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Roleplaying Tips Weekly E-Zine Issue #42

9 Game Master Tips From Valdron Inc.



Contents:
This Week's Tips Summarized

9 Game Master Tips From Valdron Inc.

  1. Build Party Chemistry Through Skill Sharing
  2. Surprise Players Through Misdirection
  3. Use Gifts As Plot Hooks
  4. Create a Character Skill List When Planning
  5. Use a Portable File For Organization
  6. Spell Names Backwards For NPC Names
  7. Use Insignificant Details To Mislead PCs & Spark Ideas
  8. Use Specific Times & Distances Wisely
  9. Keep "Stalling" Encounters Handy To Buy Yourself Time

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A Brief Word From Johnn

Mark J. Young provides us with some great tips this week from his Valdron Inc. and Multiverser RPG web site. He has a neat Tip of the Week banner program, which other sites are welcome to participate in (RoleplayingTips.com happily being one of them). And our tips this week come directly from a few of his banners.

The link to all the other archived tips banners is:
http://members.theglobe.com/Valdron/prev0006.html

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For those of you who are hungry for even more GM tips and information, I have a new article posted on-line in the articles area.

It is titled "How To Fix Botched Encounters In Mid-Game" and provides tips and advice on what to do if you get stuck in the middle of a session with no encounter/story ideas. It also gives some tips on how to fix encounters that just don't feel right when you start them, or ones that you simply botch and want to fix in mid-game.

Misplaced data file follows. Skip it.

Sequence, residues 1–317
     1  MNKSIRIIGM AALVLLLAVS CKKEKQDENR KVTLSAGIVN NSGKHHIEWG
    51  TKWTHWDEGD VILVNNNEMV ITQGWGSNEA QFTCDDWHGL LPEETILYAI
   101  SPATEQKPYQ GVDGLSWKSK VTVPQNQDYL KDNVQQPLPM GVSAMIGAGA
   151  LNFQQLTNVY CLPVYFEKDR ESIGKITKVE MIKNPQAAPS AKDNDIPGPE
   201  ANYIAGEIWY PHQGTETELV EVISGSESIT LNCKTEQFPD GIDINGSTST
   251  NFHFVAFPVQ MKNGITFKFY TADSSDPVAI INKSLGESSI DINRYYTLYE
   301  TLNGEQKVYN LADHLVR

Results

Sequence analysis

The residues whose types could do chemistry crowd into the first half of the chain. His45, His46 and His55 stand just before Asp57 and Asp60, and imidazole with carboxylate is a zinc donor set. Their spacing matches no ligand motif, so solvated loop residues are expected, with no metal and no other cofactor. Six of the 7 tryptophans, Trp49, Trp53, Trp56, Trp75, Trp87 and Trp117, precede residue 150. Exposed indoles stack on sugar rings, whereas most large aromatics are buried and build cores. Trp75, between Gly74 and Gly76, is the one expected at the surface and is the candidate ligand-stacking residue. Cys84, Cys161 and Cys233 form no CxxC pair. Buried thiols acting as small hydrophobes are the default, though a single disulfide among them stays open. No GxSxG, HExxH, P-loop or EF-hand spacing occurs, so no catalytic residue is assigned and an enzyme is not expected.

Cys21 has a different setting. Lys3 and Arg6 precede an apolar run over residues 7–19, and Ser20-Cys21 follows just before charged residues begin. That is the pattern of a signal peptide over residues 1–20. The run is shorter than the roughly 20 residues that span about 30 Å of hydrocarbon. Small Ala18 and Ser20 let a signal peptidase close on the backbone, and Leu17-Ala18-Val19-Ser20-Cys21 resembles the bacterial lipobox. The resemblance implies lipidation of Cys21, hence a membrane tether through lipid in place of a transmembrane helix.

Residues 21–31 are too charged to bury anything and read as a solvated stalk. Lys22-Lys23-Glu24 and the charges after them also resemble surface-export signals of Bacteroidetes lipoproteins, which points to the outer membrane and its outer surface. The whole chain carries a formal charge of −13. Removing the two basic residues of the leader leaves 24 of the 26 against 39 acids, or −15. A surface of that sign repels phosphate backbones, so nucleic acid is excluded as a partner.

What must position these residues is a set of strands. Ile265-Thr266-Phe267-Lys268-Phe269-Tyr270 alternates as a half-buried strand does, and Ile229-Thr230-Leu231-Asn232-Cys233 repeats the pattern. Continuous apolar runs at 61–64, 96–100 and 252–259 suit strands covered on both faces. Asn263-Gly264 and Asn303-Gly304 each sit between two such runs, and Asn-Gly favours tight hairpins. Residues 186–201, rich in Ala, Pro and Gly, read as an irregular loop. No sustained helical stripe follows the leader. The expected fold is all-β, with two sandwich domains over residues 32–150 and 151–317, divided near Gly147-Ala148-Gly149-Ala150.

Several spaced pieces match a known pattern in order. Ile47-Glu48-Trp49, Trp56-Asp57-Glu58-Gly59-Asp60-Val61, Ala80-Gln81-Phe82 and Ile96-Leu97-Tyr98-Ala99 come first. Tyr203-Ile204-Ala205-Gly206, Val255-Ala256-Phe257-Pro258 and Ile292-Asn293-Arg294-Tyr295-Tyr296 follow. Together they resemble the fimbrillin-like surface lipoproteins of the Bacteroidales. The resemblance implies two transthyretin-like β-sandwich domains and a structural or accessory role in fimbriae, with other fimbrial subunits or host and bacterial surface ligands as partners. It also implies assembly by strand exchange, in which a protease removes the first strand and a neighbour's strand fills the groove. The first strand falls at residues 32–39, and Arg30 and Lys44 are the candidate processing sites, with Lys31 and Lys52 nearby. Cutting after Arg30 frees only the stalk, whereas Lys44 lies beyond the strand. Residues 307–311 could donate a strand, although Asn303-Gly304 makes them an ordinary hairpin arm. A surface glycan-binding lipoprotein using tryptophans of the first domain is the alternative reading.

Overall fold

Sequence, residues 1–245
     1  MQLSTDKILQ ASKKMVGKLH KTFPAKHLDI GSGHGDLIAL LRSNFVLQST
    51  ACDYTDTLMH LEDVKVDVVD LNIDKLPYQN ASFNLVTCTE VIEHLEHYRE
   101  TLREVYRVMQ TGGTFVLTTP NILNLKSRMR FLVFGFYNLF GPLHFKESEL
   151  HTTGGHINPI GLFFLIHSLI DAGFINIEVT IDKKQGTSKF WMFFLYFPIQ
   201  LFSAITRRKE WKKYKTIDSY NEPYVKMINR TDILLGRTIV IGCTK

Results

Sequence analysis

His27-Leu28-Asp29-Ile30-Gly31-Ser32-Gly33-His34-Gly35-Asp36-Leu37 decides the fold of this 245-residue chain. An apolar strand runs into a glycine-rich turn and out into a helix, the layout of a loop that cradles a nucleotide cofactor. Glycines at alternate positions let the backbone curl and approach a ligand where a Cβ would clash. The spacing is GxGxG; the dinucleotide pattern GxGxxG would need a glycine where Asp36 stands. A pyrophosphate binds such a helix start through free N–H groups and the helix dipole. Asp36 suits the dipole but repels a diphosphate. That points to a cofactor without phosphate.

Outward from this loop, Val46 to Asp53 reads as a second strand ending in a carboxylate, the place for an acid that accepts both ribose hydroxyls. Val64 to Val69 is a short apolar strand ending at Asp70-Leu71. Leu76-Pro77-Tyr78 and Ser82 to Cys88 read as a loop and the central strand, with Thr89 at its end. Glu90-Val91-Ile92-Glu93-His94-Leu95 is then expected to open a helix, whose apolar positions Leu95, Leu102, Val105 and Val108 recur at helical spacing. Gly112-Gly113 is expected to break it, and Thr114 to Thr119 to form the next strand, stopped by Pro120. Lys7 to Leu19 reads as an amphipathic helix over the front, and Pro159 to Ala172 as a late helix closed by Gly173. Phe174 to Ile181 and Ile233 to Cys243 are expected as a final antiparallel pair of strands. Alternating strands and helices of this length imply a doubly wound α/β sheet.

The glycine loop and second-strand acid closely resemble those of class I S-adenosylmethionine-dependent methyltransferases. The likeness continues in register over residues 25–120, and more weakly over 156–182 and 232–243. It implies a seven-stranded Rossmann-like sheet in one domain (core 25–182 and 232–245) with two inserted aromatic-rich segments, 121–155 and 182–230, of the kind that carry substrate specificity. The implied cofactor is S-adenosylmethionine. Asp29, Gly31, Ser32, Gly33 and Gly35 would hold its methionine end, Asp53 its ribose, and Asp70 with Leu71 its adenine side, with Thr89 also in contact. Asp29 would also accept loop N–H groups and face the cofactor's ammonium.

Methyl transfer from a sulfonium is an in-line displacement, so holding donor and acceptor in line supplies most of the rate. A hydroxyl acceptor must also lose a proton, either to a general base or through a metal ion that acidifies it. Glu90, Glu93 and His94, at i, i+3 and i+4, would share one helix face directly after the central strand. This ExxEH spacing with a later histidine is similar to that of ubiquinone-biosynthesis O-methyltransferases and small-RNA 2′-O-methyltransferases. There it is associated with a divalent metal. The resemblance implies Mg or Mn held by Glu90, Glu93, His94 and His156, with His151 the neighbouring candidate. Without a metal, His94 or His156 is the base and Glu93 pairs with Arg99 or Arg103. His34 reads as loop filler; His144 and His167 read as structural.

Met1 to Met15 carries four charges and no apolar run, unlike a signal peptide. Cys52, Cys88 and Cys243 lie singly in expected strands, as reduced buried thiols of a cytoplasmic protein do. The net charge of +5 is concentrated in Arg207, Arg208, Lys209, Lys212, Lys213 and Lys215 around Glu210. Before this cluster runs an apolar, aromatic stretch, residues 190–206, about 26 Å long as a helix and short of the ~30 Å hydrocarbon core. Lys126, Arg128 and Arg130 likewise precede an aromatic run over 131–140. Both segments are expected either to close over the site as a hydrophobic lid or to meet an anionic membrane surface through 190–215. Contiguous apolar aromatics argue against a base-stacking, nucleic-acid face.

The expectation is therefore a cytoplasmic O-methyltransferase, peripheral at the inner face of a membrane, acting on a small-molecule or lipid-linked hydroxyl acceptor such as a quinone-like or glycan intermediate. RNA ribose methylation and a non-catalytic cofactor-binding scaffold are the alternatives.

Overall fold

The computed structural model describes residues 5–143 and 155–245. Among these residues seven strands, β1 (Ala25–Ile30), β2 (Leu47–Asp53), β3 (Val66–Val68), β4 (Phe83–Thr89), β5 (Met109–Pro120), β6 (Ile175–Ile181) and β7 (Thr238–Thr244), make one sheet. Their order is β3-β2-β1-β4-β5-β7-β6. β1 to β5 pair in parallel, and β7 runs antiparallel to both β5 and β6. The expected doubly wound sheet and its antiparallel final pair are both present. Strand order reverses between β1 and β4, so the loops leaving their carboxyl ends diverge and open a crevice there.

Click here to read it.

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Roleplaying Tips Weekly is now being mirrored at the Fantaseum web site. Fantaseum is a collection of valuable resources for Dungeons & Dragons gamers abroad: searchable Core Rules exports, message forums, stories, databases, jokes & humor, Play by E-mail support, editorials, and news. A newly added 3rd Edition section as well. I highly recommend visiting the site.

http://www.rpgplanet.com/fantaseum/tips/index.asp


Ok, enough chatter, on with the tips!

Johnn
johnn@roleplayingtips.com

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9 Game Master Tips From Valdron Inc.
  1. Build Party Chemistry Through Skill Sharing
    Party chemistry can be built if characters teach each other skills, such as trading martial arts lessons for language classes.

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  2. Surprise Players Through Misdirection
    Ask for a character's score in a totally irrelevant, obscure skill, and you can misdirect player expectations and surprise them.

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  3. Use Gifts As Plot Hooks
    A gift with a mystery attached can start an adventure.

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  4. Create a Character Skill List When Planning
    Keep a special character skill list. Know which party members can open doors, start fires, operate equipment, see in the dark -- whatever might be useful. It helps when planning to know your resources.

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  5. Use a Portable File For Organization
    A portable file is ideal for creating referee papers, maps, descriptions, character info, each in its own section.

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  6. Spell Names Backwards For NPC Names
    Stuck for a name? Try spelling something backwards. Anutrof (Fortuna), Cire (Eric), and Lucard (Dracula) came from reversed names, and Remmils (Slimmer) came from a word.

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  7. Use Insignificant Details To Mislead PCs & Spark Ideas